April 1, 1981
The source virtual machine can cancel a previously executed SEND/RECV request provided the sink virtual machine has not yet executed the REPLY or REJECTsubfunction. If the sink machine has already executed
the RECEIVE subfunction, only the REPLY be canceled DIAGNOSE Code x'68' Subfunction Code X·0006'"). The sink virtual machine can execute the REJECT subfunction in
response to the SEND/RECV request and cause the entire operation to be
terminated (see "REJECT: DIAGNOSE Code X'68' Subfunction Code X·0011'"). The sink virtual machine can respond to a SEND/RECV request with the REPLY subfunction without executing the RECEIVE This has
the effect of informing the source virtual machine that the sink virtual
machine cannot accept data but that it can send data. The source
virtual machine could have executed the SEND/RECV subfunction only as a
means to solicit data from the sink virtual machine. The application of
this protocol is up to VMCF users. The user doubleword can be used as a
means t::> control such an application (see "VMCF User Doubleword") ... You can execute a SEND/RECV request using the PRIORITY option. The PRIORITY option causes the sink external interrupt for the SEND/RECV request to be queued ahead of any other nonpriority external interrupts.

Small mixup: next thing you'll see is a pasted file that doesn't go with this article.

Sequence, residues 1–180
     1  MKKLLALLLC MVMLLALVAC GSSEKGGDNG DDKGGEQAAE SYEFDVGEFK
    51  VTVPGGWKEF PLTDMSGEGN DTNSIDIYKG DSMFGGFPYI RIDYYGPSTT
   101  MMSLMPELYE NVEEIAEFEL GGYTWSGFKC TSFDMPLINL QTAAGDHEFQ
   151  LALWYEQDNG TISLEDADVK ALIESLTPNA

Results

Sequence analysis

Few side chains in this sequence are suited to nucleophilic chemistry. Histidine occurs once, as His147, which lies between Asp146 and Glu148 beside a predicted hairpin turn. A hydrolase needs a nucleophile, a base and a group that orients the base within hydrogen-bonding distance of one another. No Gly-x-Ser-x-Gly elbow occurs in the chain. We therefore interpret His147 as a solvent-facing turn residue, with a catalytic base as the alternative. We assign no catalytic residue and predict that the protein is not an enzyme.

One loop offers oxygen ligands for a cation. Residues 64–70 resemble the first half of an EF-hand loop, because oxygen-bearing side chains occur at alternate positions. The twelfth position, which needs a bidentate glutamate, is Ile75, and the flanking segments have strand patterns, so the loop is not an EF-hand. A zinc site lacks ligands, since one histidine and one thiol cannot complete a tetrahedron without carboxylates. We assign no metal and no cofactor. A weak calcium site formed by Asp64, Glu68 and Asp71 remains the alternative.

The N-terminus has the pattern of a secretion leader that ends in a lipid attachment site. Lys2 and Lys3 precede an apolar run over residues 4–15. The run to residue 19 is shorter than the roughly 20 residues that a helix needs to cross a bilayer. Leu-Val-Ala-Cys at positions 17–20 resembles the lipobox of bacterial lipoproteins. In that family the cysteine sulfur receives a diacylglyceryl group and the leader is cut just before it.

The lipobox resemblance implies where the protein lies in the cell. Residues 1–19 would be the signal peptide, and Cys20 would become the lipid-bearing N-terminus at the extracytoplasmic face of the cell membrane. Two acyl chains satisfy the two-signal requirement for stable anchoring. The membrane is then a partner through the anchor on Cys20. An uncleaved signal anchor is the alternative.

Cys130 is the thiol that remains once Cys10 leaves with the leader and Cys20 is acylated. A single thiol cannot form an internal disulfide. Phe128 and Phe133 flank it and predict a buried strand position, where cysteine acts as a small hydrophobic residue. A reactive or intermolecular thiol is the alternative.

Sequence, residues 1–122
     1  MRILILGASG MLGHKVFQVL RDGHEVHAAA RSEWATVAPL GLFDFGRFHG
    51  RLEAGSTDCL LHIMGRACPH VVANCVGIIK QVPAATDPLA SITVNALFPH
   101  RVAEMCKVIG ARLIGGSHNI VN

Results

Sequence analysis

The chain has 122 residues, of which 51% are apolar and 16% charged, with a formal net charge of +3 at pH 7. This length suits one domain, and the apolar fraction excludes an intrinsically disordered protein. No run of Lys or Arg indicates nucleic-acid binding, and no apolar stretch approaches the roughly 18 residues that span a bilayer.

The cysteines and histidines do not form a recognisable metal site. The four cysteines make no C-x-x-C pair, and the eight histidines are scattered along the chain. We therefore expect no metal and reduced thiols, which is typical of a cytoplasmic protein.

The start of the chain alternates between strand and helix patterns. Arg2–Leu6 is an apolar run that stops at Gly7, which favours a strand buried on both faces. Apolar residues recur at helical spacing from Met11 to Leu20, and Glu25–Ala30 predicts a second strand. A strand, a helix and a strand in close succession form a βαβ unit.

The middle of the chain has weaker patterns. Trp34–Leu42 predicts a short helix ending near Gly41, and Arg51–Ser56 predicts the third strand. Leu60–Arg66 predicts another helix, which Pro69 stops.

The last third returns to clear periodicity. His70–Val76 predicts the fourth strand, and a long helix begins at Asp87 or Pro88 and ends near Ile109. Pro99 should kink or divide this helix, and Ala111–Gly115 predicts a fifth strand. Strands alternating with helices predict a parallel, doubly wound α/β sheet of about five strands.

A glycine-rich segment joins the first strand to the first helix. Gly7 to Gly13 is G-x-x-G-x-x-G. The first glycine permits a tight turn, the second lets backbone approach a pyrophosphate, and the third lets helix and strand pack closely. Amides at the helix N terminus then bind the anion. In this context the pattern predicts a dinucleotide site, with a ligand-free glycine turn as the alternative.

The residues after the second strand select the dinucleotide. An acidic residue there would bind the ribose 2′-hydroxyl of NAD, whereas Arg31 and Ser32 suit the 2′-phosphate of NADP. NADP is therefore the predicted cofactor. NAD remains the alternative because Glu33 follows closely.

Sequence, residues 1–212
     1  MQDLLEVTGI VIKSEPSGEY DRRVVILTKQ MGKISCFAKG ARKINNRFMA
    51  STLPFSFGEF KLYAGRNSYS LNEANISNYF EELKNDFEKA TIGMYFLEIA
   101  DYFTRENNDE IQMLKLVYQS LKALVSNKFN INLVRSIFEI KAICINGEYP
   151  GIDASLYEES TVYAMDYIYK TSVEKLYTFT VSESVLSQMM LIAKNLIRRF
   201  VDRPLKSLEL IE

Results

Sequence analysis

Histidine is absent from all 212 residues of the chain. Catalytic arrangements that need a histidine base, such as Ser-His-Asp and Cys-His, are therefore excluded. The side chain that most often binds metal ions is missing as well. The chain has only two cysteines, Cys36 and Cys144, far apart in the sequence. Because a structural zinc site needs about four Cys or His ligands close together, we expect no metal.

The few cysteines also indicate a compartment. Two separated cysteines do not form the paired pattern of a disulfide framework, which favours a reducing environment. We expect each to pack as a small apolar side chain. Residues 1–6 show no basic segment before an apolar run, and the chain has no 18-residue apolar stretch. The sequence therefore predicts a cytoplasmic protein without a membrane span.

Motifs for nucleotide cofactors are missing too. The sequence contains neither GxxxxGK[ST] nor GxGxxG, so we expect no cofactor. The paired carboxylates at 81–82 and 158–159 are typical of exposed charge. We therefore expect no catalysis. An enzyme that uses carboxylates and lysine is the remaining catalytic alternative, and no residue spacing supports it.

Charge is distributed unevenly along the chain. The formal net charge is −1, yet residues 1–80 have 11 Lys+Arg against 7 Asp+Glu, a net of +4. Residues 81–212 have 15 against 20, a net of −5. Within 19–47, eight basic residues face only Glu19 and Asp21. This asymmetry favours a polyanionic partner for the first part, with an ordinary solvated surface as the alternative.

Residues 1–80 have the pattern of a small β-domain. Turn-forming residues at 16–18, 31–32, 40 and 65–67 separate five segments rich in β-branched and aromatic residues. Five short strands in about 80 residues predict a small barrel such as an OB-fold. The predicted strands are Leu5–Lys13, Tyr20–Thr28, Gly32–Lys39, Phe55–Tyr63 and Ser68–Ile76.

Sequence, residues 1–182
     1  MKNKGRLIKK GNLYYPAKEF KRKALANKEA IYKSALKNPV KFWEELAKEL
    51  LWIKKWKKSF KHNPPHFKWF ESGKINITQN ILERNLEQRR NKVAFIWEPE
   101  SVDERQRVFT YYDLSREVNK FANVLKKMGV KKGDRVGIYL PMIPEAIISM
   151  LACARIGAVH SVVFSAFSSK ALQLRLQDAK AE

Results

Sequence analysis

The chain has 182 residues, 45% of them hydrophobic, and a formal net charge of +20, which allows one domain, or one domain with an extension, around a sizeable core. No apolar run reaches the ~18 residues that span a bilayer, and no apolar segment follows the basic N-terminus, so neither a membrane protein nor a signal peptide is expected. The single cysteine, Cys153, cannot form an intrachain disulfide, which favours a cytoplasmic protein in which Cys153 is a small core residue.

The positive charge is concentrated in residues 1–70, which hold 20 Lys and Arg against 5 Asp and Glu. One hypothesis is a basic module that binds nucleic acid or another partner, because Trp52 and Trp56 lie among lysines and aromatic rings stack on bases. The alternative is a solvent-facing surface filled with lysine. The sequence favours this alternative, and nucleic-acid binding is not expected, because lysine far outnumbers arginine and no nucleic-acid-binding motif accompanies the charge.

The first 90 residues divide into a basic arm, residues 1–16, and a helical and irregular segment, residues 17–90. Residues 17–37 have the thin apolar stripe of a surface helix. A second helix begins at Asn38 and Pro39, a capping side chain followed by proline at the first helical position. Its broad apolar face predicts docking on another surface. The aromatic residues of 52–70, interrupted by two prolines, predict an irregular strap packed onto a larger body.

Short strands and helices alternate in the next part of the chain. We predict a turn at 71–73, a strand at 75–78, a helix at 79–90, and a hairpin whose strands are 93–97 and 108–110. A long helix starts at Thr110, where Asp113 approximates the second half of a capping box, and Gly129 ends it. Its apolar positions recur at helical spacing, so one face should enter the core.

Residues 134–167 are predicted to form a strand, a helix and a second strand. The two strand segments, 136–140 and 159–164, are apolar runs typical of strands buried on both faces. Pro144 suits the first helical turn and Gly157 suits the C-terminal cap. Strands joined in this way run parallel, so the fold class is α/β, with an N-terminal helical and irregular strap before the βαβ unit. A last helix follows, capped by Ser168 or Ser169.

Response external interrupts directed to the source of a PRIORITY message are also queued in priority order. SENDX directs data to another virtual machine via a faster but more
restrictive protocol than the SEND subfunction. SENDX subfunction data
reaches the sink virtual machine at the same time the SEND external
interrupt reaches the sink. In order to use the SENDX subfunction, the
sink virtual machine must have an external interrupt buffer large enough
to contain both the standard message header and the data. The size of
the external interrupt buffer is specified when you execute the AUTHORIZE subfunction. Attempts to execute SENDX are rejected when the
sink virtual machine's external interrupt buffer is not large enough to
contain the data. After the sink virtual machine receives the SEND external interrupt and data, a response external interrupt is directed
to the source virtual machine. The SENDX subfunction eliminates the
need for a sink virtual machine to execute a RECEIVE subfunction.
A SENDX request can be canceled by the source virtual machine
provided the SENDX external interrupt has not yet been reflected to the
sink virtual machine (see "CANCEL: DIAGNOSE Code X'68' Subfunction Code X'0006·
Specify the SENDX buffer address and length in the user parameter
list (VMCPARM). The message ID and userid of the sink virtual machine
are also specified in VMCPARM. The SENDX subfunction can be executed with the PRIORITY allowing the SEND external interrupt to be queued ahead
nonpriority external interrupts for the sink virtual machine.
of all
A SENDX request cannot be rejected by the sink virtual machine since t1re - . is -- - rec-e iv-edat th-e-sa-me - ti-m-e - the -ext-eFn-a-l---i-n-t-e-£I'up-t- is received. You can execute the SENDX subfunction with a zero data length causing